DNA sequencing is getting faster and cheaper, and clinicians are now finding uses for it in their practices. A test for malfunctioning genes might show how to treat a tumor or help diagnose the underlying cause of disease. However, raw sequencing data is too complex for most clinicians to directly analyze, and medical institutions are wary of transferring patient data to specialists located elsewhere.
A genome-interpretation company is now offering a hardware solution. Their meter-tall, 275-kilogram black box carries enough storage and processing power to analyze one genome every day, picking out mutations with potential links to diseases, and would be fast enough to inform clinicians for treatment. Some of the most important features of the $125,000-dollar unit is that it is a self-contained object. No patient data is transferred via networks to other places.
Knome, the company in Cambridge, Massachusetts which produces the device, has been approached by a number of companies who want to keep a system within their walls, not outsourcing data in any way. It was unveiled on the 27th of September, and the knoSYS 100 belongs to a class of emerging tools and services to help clinical researchers catch up with the latest advances in genome sequencing and apply it directly to their patients.
The core of the new Knome system is software, not hardware. It combs through a newly sequenced genome to try and find the places where the human genetic code varies. It annotates these places with existing knowledge. This process is known as genome interpretation and can quickly winnow down the millions of variants found in any individual to a handful that could explain disease.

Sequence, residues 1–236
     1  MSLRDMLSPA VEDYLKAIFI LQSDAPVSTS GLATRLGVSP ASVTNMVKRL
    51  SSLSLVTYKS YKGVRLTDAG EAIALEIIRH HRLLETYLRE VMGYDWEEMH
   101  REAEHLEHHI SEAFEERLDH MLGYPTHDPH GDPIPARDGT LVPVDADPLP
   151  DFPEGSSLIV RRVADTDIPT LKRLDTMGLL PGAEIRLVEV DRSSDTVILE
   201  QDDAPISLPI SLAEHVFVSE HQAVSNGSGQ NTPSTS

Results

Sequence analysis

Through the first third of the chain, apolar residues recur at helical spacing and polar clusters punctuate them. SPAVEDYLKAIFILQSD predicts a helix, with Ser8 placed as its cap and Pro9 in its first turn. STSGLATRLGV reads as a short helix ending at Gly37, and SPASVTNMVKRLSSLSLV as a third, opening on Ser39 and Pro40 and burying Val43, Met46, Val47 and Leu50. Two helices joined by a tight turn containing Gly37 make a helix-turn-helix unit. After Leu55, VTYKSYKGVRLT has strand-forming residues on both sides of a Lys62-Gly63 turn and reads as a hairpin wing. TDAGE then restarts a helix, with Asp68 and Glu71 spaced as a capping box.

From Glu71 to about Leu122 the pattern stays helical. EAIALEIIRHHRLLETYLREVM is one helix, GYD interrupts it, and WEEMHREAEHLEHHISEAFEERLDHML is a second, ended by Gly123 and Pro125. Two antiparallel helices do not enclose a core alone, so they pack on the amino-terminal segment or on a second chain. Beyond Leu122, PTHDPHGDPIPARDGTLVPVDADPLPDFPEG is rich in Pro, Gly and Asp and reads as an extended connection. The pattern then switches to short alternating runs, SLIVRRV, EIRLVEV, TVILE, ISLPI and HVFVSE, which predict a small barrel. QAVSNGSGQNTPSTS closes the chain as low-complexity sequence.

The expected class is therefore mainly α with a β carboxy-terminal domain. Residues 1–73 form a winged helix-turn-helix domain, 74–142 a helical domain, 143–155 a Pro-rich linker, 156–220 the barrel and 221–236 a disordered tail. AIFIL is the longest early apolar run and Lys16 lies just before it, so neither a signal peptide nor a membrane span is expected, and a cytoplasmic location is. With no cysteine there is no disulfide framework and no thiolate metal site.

For now, the software isn’t meant for clinical diagnosis or medical advice. The clients include drug companies and medical centers researching how to use genome sequencing properly for clinical decisions.
Genome interpretation is far from mature, and its overall reliability depends largely on the quality of the sequences it analyzes. Not all variants can be detected and errors occur at every step of the process.
The protocols and the various annotation tools are still not perfect. There is the challenge of figuring out which detected variants are relevant to the disease in question. Any annotated variant must be tested before it can lead to a clear diagnosis. However, just organizing this information into a useful form is a big step forward, states George Church, genomicist at Harvard Medical School in Boston, Massachusetts, co-founder of Knome. The process is about delivering a high-quality interpretation that’s based on current knowledge, he continues.